This new volume provides an interdisciplinary perspective on how intersections of race, class, gender, sexuality, and culture shape the cultural psychology of immigrants. It demonstrates the influence transnational ties and cultural practices and beliefs play on creating the immigrant self. Distinguished scholars from a variety of fields examine the cultural psychological consequences of displacement among different immigrant communities. Cultural Psychology of Immigrants opens with a variety of theoretical perspectives on immigration and a historical overview of sociological research on immigrants. It then examines the racial discrimination of immigrants and the multifaceted influences on the creation of immigrant identities. The final section documents the pivotal role of family contexts in shaping identity. Each chapter illustrates the commonalities and differences among immigrants in the ways in which they make sense of their newfound selves in a displaced context.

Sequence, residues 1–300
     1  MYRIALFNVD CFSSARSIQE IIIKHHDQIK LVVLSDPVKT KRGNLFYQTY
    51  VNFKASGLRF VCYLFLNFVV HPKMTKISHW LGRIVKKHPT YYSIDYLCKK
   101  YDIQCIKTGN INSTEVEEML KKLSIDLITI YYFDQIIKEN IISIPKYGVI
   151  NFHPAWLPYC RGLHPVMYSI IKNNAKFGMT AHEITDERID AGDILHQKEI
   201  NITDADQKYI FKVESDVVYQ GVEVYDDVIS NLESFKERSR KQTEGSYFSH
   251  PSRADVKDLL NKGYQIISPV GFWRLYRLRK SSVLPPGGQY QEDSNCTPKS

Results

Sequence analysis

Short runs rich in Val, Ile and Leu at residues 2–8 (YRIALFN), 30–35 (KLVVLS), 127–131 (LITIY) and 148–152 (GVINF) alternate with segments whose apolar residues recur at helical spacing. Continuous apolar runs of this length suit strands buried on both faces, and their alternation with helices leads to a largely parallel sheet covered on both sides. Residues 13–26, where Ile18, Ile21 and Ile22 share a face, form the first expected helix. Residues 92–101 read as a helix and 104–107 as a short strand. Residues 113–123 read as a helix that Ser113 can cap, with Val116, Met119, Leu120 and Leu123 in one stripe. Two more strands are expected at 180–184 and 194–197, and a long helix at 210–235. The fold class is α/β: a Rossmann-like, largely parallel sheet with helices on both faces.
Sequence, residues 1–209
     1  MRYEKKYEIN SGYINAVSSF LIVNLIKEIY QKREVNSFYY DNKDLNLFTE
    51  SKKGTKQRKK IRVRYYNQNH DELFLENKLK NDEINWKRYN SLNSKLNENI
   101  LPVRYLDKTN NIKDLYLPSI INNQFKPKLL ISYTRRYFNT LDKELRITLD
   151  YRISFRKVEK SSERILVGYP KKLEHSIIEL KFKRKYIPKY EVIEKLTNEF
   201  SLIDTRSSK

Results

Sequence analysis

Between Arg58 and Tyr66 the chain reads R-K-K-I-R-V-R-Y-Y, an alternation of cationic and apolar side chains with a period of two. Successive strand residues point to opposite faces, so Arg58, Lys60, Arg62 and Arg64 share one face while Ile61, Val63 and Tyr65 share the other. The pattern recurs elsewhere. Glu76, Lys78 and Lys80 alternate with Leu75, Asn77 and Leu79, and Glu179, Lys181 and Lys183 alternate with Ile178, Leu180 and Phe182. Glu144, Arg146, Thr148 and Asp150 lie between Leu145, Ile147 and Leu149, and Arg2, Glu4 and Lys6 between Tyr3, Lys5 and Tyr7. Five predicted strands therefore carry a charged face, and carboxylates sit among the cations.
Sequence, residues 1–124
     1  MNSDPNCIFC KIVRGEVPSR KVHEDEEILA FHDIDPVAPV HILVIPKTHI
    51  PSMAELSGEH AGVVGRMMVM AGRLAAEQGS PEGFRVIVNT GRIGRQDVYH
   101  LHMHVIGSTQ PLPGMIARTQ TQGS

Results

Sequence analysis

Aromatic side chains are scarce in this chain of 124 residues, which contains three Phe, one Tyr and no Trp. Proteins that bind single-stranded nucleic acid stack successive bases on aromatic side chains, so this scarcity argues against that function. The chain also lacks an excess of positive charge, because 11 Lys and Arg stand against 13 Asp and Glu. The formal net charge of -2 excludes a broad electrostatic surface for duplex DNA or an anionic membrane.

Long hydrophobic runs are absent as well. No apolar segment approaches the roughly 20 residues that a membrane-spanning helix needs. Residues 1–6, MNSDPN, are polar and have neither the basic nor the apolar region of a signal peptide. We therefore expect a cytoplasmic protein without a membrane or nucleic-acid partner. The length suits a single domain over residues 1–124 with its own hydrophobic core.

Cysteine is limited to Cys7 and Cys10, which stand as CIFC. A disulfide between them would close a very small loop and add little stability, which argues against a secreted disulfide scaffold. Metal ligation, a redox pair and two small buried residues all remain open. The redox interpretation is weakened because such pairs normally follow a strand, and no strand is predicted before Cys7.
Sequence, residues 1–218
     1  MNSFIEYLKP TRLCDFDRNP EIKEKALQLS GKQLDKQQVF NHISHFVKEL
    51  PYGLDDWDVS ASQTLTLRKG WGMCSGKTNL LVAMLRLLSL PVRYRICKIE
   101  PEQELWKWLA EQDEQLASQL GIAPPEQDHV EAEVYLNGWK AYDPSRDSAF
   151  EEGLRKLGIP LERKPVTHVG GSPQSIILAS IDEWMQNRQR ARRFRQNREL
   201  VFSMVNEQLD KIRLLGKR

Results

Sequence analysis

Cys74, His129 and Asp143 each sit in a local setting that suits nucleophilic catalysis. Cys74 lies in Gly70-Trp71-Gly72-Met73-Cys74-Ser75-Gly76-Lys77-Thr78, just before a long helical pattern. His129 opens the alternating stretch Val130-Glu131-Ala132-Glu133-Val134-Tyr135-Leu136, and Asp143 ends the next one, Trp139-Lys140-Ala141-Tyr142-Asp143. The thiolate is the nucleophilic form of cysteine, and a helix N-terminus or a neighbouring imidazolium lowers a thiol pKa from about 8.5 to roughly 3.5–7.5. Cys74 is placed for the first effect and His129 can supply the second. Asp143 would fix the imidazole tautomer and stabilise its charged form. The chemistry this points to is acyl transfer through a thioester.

Intended for advanced students and researchers in the fields of psychology, social work, marriage and family therapy, public health, anthropology, sociology, education, and ethnic studies, the book also serves as a resource in courses on cultural psychology, immigrant studies, minority groups, race and ethnic relations, self and identity, culture and human development, and immigrants and mental health.